It may be hard to know why, but sometimes, you just feel there’s an issue. It's weird to describe, but most agency owners I know have a gut feeling that tells them something isn’t right. It's almost instinctive, and you can't explain it.

James Robinson, Managing Director, Hello Starling

While there isn’t an exact science, here are some non-verbal cues that could be leading to tension in the room (both in-person and virtually): 

  • Change in Body Language or Previous Behaviors: Clients who were once relaxed and engaged might now appear closed off, with crossed arms, lack of eye contact, or at a noticeable physical distance.

  • Different Tone of Voice: A shift from a friendly, collaborative tone to a more formal or curt manner could indicate client dissatisfaction.

  • Change in Language Use: Increased use of formal language, jargon, or passive-aggressive comments may mean something is wrong.

Solution: Address Issues Directly and Tactfully

Emotional intelligence is a key part of nurturing client relationships. 

If there’s an underlying tension, approach it tactfully, demonstrate empathy, and show that you understand their pain points. The sooner you address the issue, the closer you are to a solution. 

Talk to them. Ask them how they're feeling, what they think is going well and where you could improve. Ask them outright if there's a chance the relationship could be coming to an end. Don't second guess or just hope that things will be ok. Talk about it. The reality is, if they're going to churn, it's better to know sooner rather than later so you can focus on making sure the relationship ends positively but also that you can fill your pipeline up in good time to replace the business.

James Robinson, Managing Director, Hello Starling

Instead of ignoring the elephant in the room: 

  • Acknowledge the Atmosphere: If you sense tension, address it directly but respectfully. Ask open-ended questions to understand any concerns they might have.

  • Schedule a Meeting: Sometimes, a dedicated time to discuss the project and any concerns helps clear the air. Ensure it’s a comfortable environment for open communication (e.g., your private boardroom that’s away from other employees).

  • Active Listening: Practice active listening during meetings. Validate your client’s feelings and show empathy to build trust.

  • Body Language Awareness: Be mindful of your own body language. Show openness by maintaining eye contact, leaning slightly forward, and keeping your arms uncrossed.

  • Follow-Up: After addressing the concerns, follow up with the client to show that you’re committed to resolving any issues and improving the relationship.

Have a System in Place To Ensure Data Transparency and Build Trust

As we’ve covered, identifying client churn is often tricky. Sometimes, a client may simply have a lot happening and isn’t ignoring your correspondence. In other cases, it’s clear they’re exploring other options, unhappy with their results, or unsure whether your agency is the best fit.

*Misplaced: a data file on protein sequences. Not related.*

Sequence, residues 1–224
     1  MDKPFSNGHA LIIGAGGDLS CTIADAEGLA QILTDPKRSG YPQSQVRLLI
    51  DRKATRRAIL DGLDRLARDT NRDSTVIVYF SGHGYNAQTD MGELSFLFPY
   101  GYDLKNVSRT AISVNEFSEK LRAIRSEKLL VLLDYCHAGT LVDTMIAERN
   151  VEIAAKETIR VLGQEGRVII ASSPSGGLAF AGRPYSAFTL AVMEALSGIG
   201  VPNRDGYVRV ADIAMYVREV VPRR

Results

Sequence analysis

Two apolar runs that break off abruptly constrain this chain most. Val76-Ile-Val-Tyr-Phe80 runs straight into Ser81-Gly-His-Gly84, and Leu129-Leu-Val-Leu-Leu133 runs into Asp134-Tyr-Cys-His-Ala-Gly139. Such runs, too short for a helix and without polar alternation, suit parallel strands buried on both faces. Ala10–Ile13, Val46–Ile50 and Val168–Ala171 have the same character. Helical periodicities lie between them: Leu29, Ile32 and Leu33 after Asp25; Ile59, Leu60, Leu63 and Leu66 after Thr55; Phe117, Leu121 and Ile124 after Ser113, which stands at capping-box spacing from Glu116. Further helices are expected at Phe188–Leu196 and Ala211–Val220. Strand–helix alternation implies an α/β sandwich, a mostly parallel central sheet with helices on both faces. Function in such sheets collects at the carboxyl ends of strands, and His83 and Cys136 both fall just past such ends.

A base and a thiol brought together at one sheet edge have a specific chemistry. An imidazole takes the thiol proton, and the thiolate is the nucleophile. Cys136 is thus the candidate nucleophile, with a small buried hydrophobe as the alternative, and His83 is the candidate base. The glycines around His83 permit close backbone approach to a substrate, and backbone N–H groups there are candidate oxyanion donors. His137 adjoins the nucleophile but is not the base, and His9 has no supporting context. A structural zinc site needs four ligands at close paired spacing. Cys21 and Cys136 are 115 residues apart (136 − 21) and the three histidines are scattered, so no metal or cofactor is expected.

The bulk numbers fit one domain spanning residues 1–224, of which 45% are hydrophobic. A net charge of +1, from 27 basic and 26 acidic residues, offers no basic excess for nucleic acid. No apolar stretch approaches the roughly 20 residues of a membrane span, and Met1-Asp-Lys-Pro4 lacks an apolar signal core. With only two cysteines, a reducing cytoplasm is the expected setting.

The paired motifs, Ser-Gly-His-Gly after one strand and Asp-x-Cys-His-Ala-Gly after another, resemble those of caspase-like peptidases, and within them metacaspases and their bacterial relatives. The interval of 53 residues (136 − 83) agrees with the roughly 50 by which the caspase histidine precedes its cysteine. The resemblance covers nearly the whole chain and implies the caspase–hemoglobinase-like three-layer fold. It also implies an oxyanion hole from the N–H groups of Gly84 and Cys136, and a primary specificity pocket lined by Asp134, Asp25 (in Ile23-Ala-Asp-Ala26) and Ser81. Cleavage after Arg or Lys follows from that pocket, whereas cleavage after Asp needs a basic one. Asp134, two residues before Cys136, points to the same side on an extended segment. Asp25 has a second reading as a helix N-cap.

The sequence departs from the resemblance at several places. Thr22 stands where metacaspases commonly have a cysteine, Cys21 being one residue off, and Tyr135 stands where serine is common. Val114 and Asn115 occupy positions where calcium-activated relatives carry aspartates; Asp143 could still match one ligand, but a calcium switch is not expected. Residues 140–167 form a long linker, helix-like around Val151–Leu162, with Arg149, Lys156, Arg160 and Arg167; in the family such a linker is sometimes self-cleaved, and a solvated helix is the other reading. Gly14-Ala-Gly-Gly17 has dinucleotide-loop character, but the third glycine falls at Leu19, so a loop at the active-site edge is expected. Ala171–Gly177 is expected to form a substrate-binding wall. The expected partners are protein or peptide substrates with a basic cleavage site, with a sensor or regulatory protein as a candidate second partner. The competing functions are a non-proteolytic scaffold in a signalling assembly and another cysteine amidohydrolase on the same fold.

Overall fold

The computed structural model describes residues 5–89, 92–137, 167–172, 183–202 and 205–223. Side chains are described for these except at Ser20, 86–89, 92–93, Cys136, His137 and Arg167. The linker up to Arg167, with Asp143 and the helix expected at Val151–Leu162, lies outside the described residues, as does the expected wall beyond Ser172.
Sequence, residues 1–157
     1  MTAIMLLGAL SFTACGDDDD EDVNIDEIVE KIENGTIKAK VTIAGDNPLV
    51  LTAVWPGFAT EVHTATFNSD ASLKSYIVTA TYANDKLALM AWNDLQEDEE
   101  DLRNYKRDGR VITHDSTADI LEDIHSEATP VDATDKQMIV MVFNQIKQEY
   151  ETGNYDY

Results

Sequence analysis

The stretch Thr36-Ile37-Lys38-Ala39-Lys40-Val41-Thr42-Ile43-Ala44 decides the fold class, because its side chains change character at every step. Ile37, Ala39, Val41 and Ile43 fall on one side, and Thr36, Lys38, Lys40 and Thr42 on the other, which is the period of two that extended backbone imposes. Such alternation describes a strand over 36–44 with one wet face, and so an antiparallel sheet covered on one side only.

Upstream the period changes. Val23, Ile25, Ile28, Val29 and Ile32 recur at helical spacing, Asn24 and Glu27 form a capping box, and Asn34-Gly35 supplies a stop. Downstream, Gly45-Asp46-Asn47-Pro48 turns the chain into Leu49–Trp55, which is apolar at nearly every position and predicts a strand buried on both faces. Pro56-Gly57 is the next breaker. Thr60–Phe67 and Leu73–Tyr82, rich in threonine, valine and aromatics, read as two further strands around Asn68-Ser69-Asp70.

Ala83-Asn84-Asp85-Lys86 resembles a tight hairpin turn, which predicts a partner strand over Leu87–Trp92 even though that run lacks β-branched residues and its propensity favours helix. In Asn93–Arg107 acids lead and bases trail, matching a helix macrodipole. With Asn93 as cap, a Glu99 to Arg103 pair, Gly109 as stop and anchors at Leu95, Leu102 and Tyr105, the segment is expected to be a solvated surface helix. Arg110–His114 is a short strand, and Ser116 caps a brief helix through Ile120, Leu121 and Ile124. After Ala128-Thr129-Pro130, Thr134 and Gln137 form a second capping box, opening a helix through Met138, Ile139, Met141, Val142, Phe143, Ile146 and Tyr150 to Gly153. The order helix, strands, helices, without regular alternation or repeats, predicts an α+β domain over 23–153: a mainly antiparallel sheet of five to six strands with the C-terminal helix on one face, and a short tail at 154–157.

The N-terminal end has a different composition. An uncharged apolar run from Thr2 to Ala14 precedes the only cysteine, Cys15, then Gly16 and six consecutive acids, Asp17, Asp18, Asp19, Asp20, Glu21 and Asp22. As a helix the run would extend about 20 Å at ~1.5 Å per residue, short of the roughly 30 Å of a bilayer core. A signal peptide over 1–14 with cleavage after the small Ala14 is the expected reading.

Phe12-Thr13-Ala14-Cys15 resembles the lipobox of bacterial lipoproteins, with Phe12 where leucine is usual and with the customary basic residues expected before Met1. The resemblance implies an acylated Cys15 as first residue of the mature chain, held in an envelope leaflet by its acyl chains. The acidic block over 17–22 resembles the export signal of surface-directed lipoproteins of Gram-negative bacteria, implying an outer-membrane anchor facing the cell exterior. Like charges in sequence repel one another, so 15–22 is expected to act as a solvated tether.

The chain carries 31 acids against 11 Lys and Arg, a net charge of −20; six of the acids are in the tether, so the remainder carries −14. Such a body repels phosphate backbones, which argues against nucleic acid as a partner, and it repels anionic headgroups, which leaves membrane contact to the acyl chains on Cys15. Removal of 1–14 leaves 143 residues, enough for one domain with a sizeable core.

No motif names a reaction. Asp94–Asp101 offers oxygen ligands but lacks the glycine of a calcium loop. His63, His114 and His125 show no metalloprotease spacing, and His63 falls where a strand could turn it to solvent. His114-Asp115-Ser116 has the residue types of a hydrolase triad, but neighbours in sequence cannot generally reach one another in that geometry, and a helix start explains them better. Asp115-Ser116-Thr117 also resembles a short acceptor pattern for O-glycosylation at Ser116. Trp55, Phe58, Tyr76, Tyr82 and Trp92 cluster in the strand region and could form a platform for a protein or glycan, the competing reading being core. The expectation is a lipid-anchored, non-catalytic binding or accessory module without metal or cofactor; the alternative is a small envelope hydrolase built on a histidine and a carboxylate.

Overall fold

Either way, it’s important to gather feedback, explore possible re-engagement efforts, and prevent churn down the line. Most times, this boils down to tactful, strategically timed communication. 

Most companies understand that you are not responsible for fluctuations in supply and demand. However, if you fail to consistently communicate what you are working on, the reasons behind your actions, how you are doubling efforts to improve, and what the next steps will be—measuring and accomplishing these steps—clients will likely leave.

Sergio Bisio, CEO, SB8 Group

Effective communication involves more than words; it’s also about sharing numbers. After all, clients need to see tangible progress. And let’s be honest–manually compiling data leads to inaccuracies, typos, and more headaches when the reporting period rolls around.

Instead of resorting to this tedious process, invest in an automated solution like AgencyAnalytics. It’s a way to strengthen retention and even re-engage churned customers. Use it to: 

  • Automatically consolidate insights across 80+ platforms.

  • Schedule reports in advance to ensure clients receive their data on time.

  • Streamline client communication via integrations like Zendesk, Intercom, and HubSpot.

  • Share 24/7 dashboard login access to ensure data transparency and build trust.

Customers churn–it’s a reality. However, a robust system like AgencyAnalytics is a way to visualize metrics, show historical trends, and demonstrate your ability to achieve tangible results. 

An overview of the AgencyAnalytics platform in 2022.

Streamline data-tracking, keep clients in the loop, and prevent future churn. Ensure customer success through a solid reporting process–try AgencyAnalytics today, free for 14 days.

Faryal Khan

Written by

Faryal Khan

Faryal Khan is an experienced marketer and brand photographer with a passion for content creation. She creates value for brands through storytelling and captivating visuals.